Do you treat your loyal customers differently than new prospects?
The “business-y” answer here is, “No, I offer the same high quality attention and care to all of my customers!”
The “reality-y” answer is that yes, you almost certainly would treat these two groups differently. That’s not to say that one group is getting preferential treatment over the others, but the things you would say to them would probably be very different.
The new faces are relative unknowns. You would try to discover their preferences, answer their questions, and present a general overview of your products and services until you learned more about them.
The regular customers would be a very different story. You have a history with them. You know what they like based on their purchase history. If you owned a sporting goods store and one of your customers came in and always bought baseball related items, can you imagine a scenario where you’d walk up to them and start chatting them up about the latest golfing products?
The same concept can be applied to your email marketing database. When you begin segmenting your list based on purchase history, future emails can more accurately suggest products or services that the recipient is actually interested in. Your golfing customers would be more likely to get content about golf, and your baseball customers would get information about baseball.
You can go pretty deep with purchase history segmentation. Say for example a customer group purchased a bag of parakeet food. Your research has indicated that the product should last the average parakeet about three weeks, so three weeks later you send them an email reminding them that they’re running low.
Email Engagement Segmentation
Engagement segmentation is similar to purchase history segmentation. Instead of tracking products, the goal of this kind of segmentation is to track the level of engagement a subscriber has, i.e., how often they open your emails and click the links within it.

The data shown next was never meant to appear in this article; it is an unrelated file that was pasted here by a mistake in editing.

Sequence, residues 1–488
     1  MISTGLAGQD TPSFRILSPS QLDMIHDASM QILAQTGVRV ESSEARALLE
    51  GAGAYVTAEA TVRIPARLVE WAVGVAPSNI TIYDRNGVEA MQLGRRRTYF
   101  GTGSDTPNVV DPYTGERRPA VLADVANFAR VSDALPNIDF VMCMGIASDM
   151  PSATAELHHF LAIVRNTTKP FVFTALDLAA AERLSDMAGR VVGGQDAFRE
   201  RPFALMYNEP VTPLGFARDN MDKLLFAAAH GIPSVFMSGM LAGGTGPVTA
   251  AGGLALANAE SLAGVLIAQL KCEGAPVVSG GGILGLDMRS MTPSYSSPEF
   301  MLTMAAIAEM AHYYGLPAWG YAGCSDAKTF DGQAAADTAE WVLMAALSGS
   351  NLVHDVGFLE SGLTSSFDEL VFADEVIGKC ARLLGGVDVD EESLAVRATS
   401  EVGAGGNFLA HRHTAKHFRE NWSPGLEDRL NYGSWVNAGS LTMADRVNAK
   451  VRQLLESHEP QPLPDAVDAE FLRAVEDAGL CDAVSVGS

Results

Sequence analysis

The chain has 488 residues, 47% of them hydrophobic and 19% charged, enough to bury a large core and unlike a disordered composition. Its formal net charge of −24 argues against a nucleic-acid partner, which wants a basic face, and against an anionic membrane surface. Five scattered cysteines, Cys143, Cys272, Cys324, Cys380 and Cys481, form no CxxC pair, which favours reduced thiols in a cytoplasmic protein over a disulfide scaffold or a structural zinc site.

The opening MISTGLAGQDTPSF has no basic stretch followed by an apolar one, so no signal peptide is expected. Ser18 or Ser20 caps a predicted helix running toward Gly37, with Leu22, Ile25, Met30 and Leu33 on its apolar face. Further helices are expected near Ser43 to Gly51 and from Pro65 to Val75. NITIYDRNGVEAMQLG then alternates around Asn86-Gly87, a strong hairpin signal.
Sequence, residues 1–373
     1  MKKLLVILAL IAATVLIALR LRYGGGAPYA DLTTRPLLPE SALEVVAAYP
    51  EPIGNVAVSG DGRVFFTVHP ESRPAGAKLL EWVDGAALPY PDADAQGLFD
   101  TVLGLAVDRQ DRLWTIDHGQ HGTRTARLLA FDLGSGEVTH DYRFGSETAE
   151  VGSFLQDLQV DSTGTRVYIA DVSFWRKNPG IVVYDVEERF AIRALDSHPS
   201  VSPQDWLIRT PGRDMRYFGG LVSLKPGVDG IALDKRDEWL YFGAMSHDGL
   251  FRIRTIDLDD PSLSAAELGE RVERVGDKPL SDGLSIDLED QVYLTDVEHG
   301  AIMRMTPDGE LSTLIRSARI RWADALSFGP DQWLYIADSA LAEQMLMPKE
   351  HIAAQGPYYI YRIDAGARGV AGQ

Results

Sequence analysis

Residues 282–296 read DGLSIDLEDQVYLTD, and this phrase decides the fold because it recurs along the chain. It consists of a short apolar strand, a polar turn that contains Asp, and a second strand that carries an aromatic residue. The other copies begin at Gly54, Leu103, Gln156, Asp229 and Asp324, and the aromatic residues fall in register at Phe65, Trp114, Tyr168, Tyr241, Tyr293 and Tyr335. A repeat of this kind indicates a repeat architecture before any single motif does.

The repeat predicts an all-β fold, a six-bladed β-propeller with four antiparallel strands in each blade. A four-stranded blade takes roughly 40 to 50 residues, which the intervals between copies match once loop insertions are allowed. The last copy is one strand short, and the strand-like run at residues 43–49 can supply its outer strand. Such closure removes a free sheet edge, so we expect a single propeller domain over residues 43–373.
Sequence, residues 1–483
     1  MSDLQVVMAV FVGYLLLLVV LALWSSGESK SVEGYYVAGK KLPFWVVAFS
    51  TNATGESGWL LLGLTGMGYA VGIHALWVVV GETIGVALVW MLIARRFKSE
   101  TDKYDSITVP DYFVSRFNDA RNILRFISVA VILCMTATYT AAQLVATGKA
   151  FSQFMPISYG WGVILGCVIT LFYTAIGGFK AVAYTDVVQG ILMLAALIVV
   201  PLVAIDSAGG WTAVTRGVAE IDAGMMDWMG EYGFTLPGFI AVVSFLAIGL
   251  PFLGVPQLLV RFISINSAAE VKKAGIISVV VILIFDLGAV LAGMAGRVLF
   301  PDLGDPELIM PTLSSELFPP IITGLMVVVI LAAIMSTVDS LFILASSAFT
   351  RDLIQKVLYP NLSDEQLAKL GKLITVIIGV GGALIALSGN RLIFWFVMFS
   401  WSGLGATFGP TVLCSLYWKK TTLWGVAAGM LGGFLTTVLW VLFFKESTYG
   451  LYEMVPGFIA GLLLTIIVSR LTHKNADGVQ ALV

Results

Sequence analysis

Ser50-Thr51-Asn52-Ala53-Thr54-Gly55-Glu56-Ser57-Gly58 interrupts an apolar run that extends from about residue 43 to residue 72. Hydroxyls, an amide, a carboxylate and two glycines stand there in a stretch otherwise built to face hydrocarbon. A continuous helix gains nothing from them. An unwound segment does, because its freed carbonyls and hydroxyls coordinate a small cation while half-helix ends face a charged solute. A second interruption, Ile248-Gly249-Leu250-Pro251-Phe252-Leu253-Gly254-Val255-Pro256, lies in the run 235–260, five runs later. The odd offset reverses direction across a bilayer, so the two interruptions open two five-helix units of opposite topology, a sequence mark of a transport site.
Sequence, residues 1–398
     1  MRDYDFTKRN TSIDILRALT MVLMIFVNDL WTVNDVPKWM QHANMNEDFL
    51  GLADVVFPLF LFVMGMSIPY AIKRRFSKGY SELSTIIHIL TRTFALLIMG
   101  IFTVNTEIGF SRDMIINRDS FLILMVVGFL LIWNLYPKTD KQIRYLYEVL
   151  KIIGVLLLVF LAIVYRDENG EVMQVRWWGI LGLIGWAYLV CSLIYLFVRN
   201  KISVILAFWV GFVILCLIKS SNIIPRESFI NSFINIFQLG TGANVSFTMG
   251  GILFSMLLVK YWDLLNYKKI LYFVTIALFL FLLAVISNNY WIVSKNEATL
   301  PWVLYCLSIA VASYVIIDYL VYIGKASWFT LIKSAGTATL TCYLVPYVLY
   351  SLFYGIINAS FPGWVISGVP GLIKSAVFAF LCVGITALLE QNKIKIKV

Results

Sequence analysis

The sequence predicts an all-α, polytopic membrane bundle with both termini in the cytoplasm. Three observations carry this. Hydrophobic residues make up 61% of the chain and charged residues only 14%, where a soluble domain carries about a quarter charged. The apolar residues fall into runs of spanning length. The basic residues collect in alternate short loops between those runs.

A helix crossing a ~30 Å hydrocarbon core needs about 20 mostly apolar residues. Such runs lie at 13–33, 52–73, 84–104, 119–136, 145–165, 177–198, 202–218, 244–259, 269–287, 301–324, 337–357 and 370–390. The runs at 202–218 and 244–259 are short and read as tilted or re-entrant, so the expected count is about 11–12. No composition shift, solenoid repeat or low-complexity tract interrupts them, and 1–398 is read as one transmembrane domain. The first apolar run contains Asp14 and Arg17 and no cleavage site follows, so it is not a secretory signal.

Generally, the two factors being tracked here are the open rate (subscribers who open an email) and the click through rate (subscribers who open an email and click a link within it).
In this way you might have three categories: does not open, open but no click through, and open and click through. This helps you determine which subscribers are actively interested in the product. If you start tracking sales via that link, you can further segment the list into buyers and “interested” groups.
Alternatively, you could split your list into two categories: active and inactive. Active users have recently opened an email (or multiple emails). Inactive users are subscribers who haven’t opened a message in 60-90 days.
It’s pretty easy to see how dramatically this could improve the performance of your list, isn’t it?
No Segmentation = Opportunity Cost
You’ve worked hard to build up your email database. The bottom line is that if it’s not segmented, there’s a pretty good chance you’re leaving money on the table—why not make the most out of it?
If you’d like to discuss deeper email segmentation strategies and make sure your website design is up to the task, we’d love to hear from you.